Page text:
ON ONE ASPECT OF WAVE RESISTANCE IN SWIMMING
Prepared for the New Scientist
August 15, 2008
As a swimmer moves through water, energy is transferred to the water causing two waves to form. The sudden outward and downward movement at the front (the "bow" wave) and the sudden stopping inward and upward movement at the back (the "stern" wave) have an effect on the swimmer. The bow wave also contains a forward component as it radiates away from the swimmer. Those waves are responsible for a considerable amount of "drag" resistance that impedes progress. Any time a wave is generated, a pattern of repeat waves follows at a distance depending on the swimmer's velocity. The important feature of these waves is that if the crests of the bow and stern waves coincide, the drag resistance on the swimmer increases.
In a shallow swimming pool, the downward wave portion of the bow wave hits the bottom and reflects back toward the surface. If it coincides with the stern wave or clashes with the swimmer, resistance is increased and the swimmer is slowed. That is why shallow pools are "slow". If the pool is deep, by the time the wave has travelled down and reflected upward, the swimmer has passed and no resistance increase occurs. It seems that a three meter or more depth in a competitive swimming pool is desirable over shallower pools. Most pools deemed to be "fast" by coaches are quite deep and even more than three meters. In a pool that is deep at one end and shallow at the other, elite competitive swimmers can feel the wave turbulence in the shallow water but not in the "quieter" deeper water. The three-meter depth of the Beijing Water Cube pool is helpful to competitive performances.
Depth is not the only structural factor that is important. The phenomenon of the bow wave bouncing off a surface in a confined swimming pool also exists at the pool sides. Swimmers in outside lanes who are bordered by a wall can have the lateral portion of the bow wave hit the wall and reflect back onto the swimmer and the stern wave. In that situation, outside-lane swimmers would be at a disadvantage compared to swimmers not bounded by walls. International swimming is aware of this problem and for top competitions requires 10-lane pools so that with eight finalists swimmers in the outside lanes do not have to contend with their own waves bouncing off a wall. The unused lane provides added distance for the bow wave to travel away sufficiently. The Beijing pool has 10 lanes and so this problem does not occur. One further consideration for outside lanes is that with the still water in the unused lane, swimmers there might incur a minor advantage by only being buffeted by waves from a swimmer on one side as opposed to the remaining swimmers who contend with "interference" from swimmers on both sides.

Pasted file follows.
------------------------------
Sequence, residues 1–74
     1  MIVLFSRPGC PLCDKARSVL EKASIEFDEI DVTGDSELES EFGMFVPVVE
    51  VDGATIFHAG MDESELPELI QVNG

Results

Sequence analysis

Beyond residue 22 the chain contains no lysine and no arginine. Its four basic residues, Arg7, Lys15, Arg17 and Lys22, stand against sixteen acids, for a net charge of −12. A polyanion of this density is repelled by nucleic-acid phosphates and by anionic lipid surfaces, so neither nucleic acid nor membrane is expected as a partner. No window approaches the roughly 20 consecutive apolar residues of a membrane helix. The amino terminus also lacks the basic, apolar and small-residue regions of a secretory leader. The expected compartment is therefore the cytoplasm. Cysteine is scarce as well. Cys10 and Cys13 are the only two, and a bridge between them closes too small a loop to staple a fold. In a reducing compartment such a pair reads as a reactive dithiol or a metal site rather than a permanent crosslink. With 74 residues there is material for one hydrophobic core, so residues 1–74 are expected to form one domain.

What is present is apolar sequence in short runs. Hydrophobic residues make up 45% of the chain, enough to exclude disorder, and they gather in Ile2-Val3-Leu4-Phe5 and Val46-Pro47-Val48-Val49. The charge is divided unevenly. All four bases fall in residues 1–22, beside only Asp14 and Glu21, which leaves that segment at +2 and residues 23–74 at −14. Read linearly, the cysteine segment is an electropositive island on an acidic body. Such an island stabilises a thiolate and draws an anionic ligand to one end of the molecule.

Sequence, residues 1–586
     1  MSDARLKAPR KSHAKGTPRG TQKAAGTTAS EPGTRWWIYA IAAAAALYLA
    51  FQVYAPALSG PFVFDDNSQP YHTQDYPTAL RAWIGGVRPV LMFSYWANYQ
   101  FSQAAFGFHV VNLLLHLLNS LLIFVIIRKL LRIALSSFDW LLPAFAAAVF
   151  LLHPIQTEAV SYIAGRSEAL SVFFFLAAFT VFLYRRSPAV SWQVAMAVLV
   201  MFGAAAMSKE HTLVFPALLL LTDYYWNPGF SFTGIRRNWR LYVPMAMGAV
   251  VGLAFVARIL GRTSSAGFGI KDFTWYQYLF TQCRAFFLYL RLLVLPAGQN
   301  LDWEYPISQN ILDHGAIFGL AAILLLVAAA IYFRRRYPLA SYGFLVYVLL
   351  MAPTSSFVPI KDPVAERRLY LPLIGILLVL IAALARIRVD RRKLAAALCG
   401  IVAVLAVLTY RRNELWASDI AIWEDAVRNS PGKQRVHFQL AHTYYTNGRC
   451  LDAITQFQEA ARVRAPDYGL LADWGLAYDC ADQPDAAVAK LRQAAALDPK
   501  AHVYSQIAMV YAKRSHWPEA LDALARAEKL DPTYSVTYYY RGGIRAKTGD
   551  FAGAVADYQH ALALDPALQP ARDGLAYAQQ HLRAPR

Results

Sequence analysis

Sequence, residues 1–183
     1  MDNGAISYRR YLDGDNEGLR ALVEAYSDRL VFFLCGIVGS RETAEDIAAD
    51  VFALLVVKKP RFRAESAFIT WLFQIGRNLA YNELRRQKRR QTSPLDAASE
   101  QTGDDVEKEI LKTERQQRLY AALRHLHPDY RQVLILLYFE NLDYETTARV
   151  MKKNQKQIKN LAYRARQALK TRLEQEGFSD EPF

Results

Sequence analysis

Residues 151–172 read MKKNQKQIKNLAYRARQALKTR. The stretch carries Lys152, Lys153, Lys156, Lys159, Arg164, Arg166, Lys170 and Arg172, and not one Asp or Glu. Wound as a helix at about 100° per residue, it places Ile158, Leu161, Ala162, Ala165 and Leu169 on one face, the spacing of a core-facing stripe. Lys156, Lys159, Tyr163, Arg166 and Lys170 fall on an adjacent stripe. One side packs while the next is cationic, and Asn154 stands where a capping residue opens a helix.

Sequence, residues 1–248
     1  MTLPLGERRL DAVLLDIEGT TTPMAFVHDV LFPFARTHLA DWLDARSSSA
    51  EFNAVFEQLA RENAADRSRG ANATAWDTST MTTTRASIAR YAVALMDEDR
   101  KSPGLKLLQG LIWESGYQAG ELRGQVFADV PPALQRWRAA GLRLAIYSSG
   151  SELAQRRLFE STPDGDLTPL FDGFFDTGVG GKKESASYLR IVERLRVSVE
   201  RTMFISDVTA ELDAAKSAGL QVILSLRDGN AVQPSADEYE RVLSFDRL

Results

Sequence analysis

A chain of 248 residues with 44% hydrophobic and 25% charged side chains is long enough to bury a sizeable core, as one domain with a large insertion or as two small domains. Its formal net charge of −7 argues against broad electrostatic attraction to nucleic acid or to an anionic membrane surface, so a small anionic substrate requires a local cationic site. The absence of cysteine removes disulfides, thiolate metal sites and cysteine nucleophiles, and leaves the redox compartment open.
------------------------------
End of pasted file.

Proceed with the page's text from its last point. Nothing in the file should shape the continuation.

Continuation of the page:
The design of the Beijing pool ensures that swimmers' progress is not hindered by reflected pressure waves off the bottom or sides. However, there still is the problem of the forward wave component that bounces off the walls at the end of the pool. Perforated wall surfaces are one attempt to dissipate the forward wave but some reflection does occur.
Turning in swimming races also confronts the problem of the pattern of waves that follow swimmers. The faster a swimmer travels, the greater will be the bow and stern waves. Consequently, when big fast swimmers move en masse into a turn in a 100 m race, when they explode back off the wall as part of the turn, they are buffeted by their own stern waves still traveling forward, particularly if they are close to the surface. At these Games, Michael Phelps pushes off the wall deeper than most and largely avoids the retarding effect of his own stern waves and the collision of his own trailing bow wave remnants and the stern wave. That is a desirable feature of his turning technique.
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